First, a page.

Family-friendly shops have wide aisles for prams and push-chairs, some provide crèches or children's play areas and special parking spaces for mums. These shops want to attract the 'decision makers'.

Cosmetics and toiletries are generally a woman's domain and women like to take their time to read the packaging before they buy. In one study, 63% of women who bought something in a chemist read the packaging. So you'll find that the cosmetics aisle is usually secluded and private to give them time - so they'll buy more! In department stores, greater pressure tactics are used - most of the beauty products don't have price tags, and women feel embarrassed to ask the lady behind the counter how much something costs, and end up buying it anyway.

Frugal tip: Don't be embarrassed to ask how much an unlabelled item costs before you buy it.

Targeting men
According to Mr Underhill, 65% of men they observed who tried on an item of clothing bought it, whereas only 25% of women did so. Women enjoy the experience of trying different clothes on, whereas men seem to find it stressful. Retailers try to make the men's changing rooms easy to find - as they're likely to get a higher conversion rate.

Frugal tip: Men - if you try on an item of clothing - you're statistically more likely to buy it.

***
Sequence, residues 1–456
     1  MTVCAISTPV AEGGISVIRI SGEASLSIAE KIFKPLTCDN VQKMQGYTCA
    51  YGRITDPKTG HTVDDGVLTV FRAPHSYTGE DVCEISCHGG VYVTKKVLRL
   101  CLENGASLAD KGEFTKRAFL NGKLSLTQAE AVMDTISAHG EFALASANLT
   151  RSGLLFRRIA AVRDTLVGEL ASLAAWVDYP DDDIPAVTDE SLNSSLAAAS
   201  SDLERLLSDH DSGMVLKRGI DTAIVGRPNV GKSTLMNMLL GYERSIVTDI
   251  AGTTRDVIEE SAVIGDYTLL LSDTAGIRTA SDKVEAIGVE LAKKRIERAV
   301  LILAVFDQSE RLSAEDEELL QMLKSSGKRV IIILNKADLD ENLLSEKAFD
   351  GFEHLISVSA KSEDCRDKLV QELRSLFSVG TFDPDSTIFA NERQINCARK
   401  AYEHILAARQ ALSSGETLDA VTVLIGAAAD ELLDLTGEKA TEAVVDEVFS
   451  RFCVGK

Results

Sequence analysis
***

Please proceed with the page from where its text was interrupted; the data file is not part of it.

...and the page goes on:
86% of women look at price tags, whereas only 72% of men do. While Mr Underhill believes that men ignore price tags to 'prove their virility' - what it really means is that retailers find it easier to upgrade men to more expensive products, whereas women are more cautious.

Frugal tip: Look at the price tag before you buy and decide whether you really need it.

It's interesting to see how retailers use the psychology of shopping to make us spend more - they're well aware of how we will behave in certain conditions. Next time you're out shopping, think about whether the purchasing decision you make is one you came to by yourself, or whether someone pushed you along a little bit. You may be surprised!

This article was provided by Lucy Bower from, where she's been writing frugal tips for almost a year now, and is thoroughly enjoying the frugal lifestyle because of it!